As a registered dietitian, people are always asking me to create meal plans for them. While daily menus work for some, I prefer to show people the resources for a do-it-yourself version. I like to think eventually they won't need me anymore, and I want to be sure they feel confident in paving their own way in the kitchen or dining out. That said; let's take a look at a few great resources to help you jump start your meal planning at home.
First, determine the number of calories you need. There are several calculators for this online, but MyPyramid.gov comes highly recommended as it has numerous resources at the click of a mouse. Here you'll enter your height, weight, age, sex, and minutes per day of daily activity.
I also like the new Interactive DRI Tool for Healthcare Professionalsput out by the Food and Nutrition Information Center. Here you'll enter your height, weight, sex, and activity level, then click the boxes for information desired. At a minimum, you'll want to select body mass index, daily calorie needs, and probably macronutrients. Use the "What's This?" link to help determine the fitness level that best describes you. A word of caution: Aim low on activity amounts if you find yourself unsure or have inconsistent exercise habits. It's better to lowball it than to generate an estimate that is too generous when it comes to calories.
So what do you get? With the DRI tool, you will get everything you'd ever want to know about your recommended nutrition intake (assuming you select all the boxes). Most importantly, it will calculate your body mass index (BMI) and your estimated daily calorie needs. (Note: to determine which BMI category you're in- underweight, healthy, overweight, or obese- click the "About BMI" link).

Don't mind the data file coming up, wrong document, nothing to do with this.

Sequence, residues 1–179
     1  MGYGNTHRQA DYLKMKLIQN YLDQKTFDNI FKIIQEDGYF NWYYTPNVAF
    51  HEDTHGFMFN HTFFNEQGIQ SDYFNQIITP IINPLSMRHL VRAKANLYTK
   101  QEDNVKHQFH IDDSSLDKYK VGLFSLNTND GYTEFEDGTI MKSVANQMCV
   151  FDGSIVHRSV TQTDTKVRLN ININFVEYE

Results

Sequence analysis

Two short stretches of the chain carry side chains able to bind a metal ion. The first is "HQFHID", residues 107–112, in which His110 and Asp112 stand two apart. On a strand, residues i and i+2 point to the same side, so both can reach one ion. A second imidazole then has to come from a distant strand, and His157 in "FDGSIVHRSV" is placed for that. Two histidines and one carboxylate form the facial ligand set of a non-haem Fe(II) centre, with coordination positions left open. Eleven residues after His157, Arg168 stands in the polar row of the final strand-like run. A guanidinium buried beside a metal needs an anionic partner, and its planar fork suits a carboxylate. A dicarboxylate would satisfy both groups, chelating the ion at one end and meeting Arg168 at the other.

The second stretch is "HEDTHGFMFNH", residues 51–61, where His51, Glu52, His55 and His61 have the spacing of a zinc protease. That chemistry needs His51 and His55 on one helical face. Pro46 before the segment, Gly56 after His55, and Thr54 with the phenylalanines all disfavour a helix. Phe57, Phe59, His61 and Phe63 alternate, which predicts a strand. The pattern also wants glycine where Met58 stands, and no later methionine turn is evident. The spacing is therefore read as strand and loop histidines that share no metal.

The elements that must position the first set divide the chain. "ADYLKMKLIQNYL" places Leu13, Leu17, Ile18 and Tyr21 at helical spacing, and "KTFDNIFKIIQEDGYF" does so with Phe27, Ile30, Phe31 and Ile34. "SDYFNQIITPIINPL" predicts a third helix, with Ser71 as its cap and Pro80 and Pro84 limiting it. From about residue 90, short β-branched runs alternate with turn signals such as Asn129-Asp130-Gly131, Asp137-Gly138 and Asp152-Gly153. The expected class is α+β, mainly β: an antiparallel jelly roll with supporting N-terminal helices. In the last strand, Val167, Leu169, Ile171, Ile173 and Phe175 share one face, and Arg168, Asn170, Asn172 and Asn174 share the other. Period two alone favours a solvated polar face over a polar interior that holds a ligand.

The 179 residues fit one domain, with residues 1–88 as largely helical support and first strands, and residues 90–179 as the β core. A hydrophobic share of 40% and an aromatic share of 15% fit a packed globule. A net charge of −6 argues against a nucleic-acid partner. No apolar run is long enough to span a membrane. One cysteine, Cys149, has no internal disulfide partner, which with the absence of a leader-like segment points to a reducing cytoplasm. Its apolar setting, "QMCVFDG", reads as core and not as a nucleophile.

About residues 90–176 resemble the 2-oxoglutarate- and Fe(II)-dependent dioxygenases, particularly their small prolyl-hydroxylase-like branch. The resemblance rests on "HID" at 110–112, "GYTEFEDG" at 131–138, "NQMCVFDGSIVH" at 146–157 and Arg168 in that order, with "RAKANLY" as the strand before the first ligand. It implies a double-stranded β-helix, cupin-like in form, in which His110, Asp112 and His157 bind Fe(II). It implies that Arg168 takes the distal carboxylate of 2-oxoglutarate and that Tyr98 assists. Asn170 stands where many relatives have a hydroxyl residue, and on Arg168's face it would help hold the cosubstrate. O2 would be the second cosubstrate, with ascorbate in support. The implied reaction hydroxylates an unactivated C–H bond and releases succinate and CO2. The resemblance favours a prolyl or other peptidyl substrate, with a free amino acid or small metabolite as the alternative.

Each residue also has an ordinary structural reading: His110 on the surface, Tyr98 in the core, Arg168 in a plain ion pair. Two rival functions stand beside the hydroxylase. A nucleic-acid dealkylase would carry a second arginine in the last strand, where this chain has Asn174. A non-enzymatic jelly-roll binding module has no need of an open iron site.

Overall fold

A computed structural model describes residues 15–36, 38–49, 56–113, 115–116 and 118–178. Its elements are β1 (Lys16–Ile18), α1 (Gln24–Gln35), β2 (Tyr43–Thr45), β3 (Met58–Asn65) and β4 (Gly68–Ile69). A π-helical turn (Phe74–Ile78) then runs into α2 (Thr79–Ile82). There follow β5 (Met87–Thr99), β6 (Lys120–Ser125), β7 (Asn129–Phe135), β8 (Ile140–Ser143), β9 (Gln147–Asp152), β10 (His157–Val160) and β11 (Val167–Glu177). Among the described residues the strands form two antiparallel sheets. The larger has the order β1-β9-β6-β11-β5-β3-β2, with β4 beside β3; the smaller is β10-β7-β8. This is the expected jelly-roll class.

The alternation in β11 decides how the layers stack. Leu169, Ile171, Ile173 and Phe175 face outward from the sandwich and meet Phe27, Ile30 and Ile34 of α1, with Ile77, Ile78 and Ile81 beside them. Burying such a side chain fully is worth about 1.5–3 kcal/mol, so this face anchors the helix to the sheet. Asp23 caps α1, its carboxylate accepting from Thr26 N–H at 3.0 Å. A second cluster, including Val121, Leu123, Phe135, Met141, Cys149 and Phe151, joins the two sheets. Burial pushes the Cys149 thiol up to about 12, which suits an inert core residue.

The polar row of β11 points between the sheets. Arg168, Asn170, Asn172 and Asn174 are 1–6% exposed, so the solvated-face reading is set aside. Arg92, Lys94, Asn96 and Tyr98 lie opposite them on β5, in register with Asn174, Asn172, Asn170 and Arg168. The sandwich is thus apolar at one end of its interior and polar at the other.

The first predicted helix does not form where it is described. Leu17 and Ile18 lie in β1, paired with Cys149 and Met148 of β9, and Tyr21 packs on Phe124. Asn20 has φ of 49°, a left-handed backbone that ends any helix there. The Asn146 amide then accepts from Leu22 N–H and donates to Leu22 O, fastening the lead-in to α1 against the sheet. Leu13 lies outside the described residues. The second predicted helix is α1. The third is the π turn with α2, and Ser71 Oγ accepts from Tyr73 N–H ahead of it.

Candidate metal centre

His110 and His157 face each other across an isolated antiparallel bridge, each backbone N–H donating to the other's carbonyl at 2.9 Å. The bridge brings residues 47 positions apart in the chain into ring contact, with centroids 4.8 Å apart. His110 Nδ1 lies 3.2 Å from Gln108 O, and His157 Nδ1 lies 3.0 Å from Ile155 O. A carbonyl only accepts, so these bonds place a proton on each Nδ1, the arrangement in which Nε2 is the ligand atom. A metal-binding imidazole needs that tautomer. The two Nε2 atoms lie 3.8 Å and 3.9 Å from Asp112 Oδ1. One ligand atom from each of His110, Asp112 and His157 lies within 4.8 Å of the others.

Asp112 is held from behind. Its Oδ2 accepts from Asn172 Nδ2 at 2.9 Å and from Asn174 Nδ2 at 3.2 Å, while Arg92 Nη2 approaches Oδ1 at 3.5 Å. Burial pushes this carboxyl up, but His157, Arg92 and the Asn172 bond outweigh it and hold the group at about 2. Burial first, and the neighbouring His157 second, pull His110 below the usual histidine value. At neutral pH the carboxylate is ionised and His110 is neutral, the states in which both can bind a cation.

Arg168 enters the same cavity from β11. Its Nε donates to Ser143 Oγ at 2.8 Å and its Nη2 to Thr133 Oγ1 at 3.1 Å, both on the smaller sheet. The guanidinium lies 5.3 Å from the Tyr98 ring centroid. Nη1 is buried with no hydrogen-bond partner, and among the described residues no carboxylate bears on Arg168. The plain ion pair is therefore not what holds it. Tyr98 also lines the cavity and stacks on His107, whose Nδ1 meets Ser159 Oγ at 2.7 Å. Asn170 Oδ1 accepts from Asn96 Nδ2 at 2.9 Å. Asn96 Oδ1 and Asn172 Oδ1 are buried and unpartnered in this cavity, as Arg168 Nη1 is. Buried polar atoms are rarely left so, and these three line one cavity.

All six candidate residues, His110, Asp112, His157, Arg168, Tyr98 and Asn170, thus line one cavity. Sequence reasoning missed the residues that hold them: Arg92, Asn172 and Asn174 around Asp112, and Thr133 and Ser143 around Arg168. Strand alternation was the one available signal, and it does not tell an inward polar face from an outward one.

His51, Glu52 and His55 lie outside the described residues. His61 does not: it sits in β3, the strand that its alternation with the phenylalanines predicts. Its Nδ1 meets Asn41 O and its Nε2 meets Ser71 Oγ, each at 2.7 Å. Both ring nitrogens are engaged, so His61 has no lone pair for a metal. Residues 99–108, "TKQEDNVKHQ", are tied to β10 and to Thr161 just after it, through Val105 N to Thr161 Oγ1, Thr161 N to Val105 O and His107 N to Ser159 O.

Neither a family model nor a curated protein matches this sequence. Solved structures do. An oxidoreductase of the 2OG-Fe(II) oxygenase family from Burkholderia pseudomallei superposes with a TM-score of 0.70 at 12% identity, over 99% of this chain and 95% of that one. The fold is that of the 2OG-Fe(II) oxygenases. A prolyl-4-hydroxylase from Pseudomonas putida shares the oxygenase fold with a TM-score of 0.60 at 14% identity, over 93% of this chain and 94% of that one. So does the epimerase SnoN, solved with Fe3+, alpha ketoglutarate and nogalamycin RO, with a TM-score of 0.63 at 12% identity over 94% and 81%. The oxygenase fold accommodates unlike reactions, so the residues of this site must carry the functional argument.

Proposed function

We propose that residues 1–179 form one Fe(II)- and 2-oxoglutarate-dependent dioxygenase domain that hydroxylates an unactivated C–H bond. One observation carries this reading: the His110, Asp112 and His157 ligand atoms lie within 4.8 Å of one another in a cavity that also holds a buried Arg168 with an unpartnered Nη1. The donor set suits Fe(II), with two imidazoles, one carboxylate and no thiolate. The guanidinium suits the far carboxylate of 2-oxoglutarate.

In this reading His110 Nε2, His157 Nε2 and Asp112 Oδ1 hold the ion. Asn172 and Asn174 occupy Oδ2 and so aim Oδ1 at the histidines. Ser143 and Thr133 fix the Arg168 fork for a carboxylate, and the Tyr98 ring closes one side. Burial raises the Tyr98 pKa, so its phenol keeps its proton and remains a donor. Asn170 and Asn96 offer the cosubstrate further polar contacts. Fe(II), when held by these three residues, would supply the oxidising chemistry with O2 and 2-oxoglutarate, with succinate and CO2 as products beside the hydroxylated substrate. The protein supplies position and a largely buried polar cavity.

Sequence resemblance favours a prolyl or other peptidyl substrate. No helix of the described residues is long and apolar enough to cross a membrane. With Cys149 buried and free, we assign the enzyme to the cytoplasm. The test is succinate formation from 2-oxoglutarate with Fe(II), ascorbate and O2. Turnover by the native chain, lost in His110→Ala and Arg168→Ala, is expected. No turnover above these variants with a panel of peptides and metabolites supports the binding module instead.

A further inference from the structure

How is this useful? Having a general idea of the number of calories you need per day is something everyone should know. It's like knowing how much gas to put in your car.
Next, macronutrients (carbohydrate, protein, and fat) can help with meal planning- it's like knowing what type of gas to put in your car. While the output for micronutrients can serve as a good reference, I don't recommend scouring food labels to ensure you're getting adequate selenium, for example. For one, it won't be on the label and two, micromanaging your intake will drive you crazy. When it comes to micronutrients, eat a variety. If you don't, or doubt your ability to meet nutrient needs through food, take a multivitamin for added insurance.
Now back to MyPyramid.gov where the My Pyramid Plan will also give you an output of calories per day, along with a recommended number of servings per food group you should consume. MyFoodapedia provides quick access to need-to-know info about the food you eat such as the food group it belongs to, the number of calories in a portion size of your choice (or the default serving size), and the ability to compare it to another food of your choice.
MyPyramid is for everyone- there are sections for pregnant women, preschoolers, kids, and beyond. You can trust these recommendations as a solid foundation for your meal plan as they're based on the Dietary Recommendations for Americans, which are updated every five years and used as the building block for the vast majority of American nutrition standards.
As always, contact a registered dietitian for more personalized suggestions.
Tanya Zuckerbrot, MS, RD is a nutritionist and founder of
. She is also the creator of The F-Factor DietaC/, an innovative nutritional program she has used for more than ten years to provide hundreds of her clients with all the tools they need to achieve easy weight loss and maintenance, improved health and well-being. For more information log onto
Tanya Zuckerbrot MS, RD, is a Registered Dietitian in New York City and the author of two bestselling diet books: The F-Factor Diet and The Miracle Carb Diet: Make Calories and Fat Disappear – with Fiber.